And The Importance of Clothes Sharing in the Fight Against Fast Fashion
Last week I wrote a post on The Five R’s of Sustainability where I addressed five simple steps towards a more eco-friendly closet. One detail in this blogpost I wanted to elaborate more on today is the importance of clothes sharing and just how fun it can be.
A little while ago, Aisling from The Nu Wardrobe reached out to me to talk about the devastating impacts of fast fashion on the environment and the creative way she and The Nu Wardrobe team are striving for a more ethical solution to our fast fashion addiction.
A Simple Guide to Sustainable Fashion
It’s no secret that fast fashion is having a devastating impact on the planet and on the environment. We can all agree by now that mass produced fashion does more harm than good to our world. Garment workers shouldn’t have to die for making our clothes, our rivers should not be polluted and poisoned just for the sake of a cheap t-shirt and crops and water supplies in impoverished areas should not be contaminated by the fashion industry.
So much suffering, contamination and destruction goes into making the cheap clothing we see everyday on the high street only for 3.8 billion pounds of it to end up in landfill at the end of each year. With fast fashion being the most damaging industry to the environment second only to oil production it’s high time we made the call for change.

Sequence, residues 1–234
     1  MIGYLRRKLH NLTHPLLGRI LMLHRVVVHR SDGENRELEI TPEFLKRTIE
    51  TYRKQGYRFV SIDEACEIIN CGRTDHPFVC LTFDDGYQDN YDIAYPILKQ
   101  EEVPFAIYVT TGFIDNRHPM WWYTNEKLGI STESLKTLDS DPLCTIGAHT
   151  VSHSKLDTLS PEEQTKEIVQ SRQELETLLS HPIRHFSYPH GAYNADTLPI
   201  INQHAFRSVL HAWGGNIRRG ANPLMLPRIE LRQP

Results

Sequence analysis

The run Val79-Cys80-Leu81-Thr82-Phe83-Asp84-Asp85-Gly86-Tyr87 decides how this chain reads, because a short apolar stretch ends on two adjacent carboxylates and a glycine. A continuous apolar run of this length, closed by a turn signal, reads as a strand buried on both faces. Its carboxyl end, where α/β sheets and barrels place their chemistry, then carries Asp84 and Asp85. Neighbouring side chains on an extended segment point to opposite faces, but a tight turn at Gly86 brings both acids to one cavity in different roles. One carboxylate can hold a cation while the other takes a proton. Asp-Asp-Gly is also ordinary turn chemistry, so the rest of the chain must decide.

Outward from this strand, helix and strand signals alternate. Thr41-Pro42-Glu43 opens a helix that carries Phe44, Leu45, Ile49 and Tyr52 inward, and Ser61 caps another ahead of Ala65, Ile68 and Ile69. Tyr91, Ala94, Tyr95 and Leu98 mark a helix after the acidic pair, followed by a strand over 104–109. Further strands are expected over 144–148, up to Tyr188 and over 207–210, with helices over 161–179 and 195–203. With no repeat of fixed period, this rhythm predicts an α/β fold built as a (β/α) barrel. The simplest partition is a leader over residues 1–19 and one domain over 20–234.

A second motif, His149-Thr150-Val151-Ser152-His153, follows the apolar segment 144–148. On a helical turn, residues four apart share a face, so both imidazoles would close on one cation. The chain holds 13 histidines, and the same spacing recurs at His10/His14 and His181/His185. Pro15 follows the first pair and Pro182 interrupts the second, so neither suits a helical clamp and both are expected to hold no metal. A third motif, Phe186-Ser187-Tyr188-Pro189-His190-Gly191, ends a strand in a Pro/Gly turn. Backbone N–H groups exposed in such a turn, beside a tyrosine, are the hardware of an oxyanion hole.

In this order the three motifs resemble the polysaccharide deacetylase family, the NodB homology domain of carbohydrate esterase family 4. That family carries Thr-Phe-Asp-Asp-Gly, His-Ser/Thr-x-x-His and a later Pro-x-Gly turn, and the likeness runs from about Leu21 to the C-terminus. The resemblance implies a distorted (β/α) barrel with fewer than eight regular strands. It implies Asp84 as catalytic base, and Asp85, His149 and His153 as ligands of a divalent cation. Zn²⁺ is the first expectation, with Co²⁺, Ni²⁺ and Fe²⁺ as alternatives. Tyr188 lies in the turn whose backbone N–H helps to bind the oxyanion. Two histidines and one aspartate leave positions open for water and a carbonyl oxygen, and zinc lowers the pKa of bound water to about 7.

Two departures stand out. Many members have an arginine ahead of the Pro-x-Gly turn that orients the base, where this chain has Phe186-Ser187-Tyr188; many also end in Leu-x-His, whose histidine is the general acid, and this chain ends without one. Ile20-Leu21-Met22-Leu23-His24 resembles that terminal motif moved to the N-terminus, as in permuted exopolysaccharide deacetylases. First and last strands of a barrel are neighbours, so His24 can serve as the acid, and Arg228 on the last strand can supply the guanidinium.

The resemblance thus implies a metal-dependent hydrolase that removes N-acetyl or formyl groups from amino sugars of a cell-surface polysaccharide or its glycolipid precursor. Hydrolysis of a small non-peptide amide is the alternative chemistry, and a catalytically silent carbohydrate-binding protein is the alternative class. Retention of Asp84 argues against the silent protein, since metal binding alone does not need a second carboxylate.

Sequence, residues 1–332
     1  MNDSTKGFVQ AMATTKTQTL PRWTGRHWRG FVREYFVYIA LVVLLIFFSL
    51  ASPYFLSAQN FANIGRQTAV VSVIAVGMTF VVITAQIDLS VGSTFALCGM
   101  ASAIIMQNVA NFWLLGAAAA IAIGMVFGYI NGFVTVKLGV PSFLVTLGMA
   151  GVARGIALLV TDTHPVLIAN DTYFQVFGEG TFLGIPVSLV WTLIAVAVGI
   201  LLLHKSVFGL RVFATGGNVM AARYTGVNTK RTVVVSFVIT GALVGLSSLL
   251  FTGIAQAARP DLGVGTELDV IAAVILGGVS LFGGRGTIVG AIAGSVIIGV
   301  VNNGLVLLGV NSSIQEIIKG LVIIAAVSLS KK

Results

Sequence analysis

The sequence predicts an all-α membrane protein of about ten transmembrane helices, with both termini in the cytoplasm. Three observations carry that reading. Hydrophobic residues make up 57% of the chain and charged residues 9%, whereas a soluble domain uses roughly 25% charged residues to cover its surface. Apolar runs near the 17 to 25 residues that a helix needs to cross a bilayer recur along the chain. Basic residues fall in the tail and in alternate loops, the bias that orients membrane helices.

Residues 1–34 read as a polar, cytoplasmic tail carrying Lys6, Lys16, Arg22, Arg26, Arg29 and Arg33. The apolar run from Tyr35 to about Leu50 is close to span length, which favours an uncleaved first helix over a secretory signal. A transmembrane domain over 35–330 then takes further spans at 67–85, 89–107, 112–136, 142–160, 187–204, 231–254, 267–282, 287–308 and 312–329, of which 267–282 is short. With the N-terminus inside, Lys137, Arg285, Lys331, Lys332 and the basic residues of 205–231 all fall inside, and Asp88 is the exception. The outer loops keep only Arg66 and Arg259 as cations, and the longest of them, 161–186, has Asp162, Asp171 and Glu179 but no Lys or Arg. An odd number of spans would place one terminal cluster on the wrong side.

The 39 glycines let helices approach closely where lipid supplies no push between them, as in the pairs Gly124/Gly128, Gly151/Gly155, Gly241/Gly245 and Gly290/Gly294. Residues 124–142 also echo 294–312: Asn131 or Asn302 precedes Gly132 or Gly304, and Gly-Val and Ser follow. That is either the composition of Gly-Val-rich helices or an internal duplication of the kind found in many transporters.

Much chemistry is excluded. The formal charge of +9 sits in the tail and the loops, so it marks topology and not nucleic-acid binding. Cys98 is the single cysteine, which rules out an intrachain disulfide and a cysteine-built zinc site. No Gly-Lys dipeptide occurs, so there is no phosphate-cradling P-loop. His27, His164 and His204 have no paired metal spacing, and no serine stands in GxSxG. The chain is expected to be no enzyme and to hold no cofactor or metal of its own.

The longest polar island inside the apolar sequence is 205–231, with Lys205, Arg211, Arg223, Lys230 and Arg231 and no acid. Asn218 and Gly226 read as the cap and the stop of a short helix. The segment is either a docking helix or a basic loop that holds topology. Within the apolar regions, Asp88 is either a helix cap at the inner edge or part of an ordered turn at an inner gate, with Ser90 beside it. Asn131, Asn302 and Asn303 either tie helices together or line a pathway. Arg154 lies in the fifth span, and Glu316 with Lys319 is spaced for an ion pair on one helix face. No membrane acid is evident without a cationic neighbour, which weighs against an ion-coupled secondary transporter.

As consumers, for every penny we spend, we are casting a vote. As long as we keep pumping our money into fast fashion companies, these multi-billion dollar corporations are going to continue to exploit garment workers through child labour, slave labour and sweat shops, no matter what cost to the environment and to human life.
For today’s post I decided to share the five R’s of sustainable fashion that will hopefully help us all to reduce our consumption of fast fashion brands and strive for a more ethical closet.
Making Ethical Outfit Choices Through Investment Pieces
Fashion Revolution Week has just begun and the question “Who Made My Clothes?” is beginning to resonate within the minds of all influencers, instagrammers and consumers alike. When 2018 first began one of my main goals was to shop more ethically and support smaller fashion labels. While I’ve already talked about one of my favourite, more affordable ethically-made brands called Stay Home Club, today I wanted to feature something a little more high-end.